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  1. Abstract

    The groundbreaking image of the black hole at the center of the M87 galaxy has raised questions at the intersection of observational astronomy and black hole physics. How well can the radius of a black hole shadow be measured, and can this measurement be used to distinguish general relativity from other theories of gravity? We explore these questions using a simple spherical flow model in general relativity, scalar Gauss–Bonnet gravity, and the Rezzolla and Zhidenko parameterized metric. We assume an optically thin plasma with power-law emissivity in radius. Along the way we present a generalized Bondi flow, as well as a piecewise analytic model for the brightness profile of a cold inflow. We use the second moment of a synthetic image as a proxy for EHT observables and compute the ratio of the second moment to the radius of the black hole shadow. We show that corrections to this ratio from modifications to general relativity are subdominant compared to corrections to the critical impact parameter, and we argue that this is generally true. In our simplified model the astrophysical parameter uncertainty dominates the gravity theory parameter uncertainty, underlining the importance of understanding the accretion model if EHT is to be used to successfully test theories of gravity.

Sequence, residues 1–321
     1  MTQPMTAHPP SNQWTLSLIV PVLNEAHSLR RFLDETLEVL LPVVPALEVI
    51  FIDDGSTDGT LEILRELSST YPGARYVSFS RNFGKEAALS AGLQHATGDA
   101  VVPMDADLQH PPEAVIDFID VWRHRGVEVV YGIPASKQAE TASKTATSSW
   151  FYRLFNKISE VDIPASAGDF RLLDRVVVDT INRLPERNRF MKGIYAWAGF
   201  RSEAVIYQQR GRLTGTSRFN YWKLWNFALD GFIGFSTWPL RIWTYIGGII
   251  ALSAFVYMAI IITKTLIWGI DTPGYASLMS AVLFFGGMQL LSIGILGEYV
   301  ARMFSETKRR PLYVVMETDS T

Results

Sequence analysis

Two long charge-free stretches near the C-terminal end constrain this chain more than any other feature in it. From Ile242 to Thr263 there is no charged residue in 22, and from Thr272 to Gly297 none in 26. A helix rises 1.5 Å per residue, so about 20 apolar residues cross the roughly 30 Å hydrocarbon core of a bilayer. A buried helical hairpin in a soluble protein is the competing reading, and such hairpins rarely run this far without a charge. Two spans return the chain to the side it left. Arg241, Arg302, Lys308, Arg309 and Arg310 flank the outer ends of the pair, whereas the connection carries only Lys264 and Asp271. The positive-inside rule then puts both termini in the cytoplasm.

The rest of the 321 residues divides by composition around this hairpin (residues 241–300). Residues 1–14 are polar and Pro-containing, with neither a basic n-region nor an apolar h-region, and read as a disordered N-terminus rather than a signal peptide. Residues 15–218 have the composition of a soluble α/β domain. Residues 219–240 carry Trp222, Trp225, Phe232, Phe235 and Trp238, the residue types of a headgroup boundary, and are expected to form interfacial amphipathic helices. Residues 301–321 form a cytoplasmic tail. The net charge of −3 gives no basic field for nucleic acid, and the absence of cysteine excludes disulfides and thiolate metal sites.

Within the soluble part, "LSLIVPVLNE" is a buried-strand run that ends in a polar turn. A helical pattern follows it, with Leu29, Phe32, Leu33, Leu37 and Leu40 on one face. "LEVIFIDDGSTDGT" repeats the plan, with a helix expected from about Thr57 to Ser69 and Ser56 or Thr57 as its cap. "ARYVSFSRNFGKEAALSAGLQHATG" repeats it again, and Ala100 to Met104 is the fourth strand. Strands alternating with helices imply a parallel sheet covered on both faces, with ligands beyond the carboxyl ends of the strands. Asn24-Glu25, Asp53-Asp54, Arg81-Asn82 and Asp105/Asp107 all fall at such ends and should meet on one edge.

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  2. Abstract

    The Event Horizon Telescope (EHT) has released analyses of reconstructed images of horizon-scale millimeter emission near the supermassive black hole at the center of the M87 galaxy. Parts of the analyses made use of a large library of synthetic black hole images and spectra, which were produced using numerical general relativistic magnetohydrodynamics fluid simulations and polarized ray tracing. In this article, we describe thePATOKApipeline, which was used to generate the Illinois contribution to the EHT simulation library. We begin by describing the relevant accretion systems and radiative processes. We then describe the details of the three numerical codes we use,iharm,ipole, andigrmonty, paying particular attention to differences between the current generation of the codes and the originally published versions. Finally, we provide a brief overview of simulated data as produced byPATOKAand conclude with a discussion of limitations and future directions.

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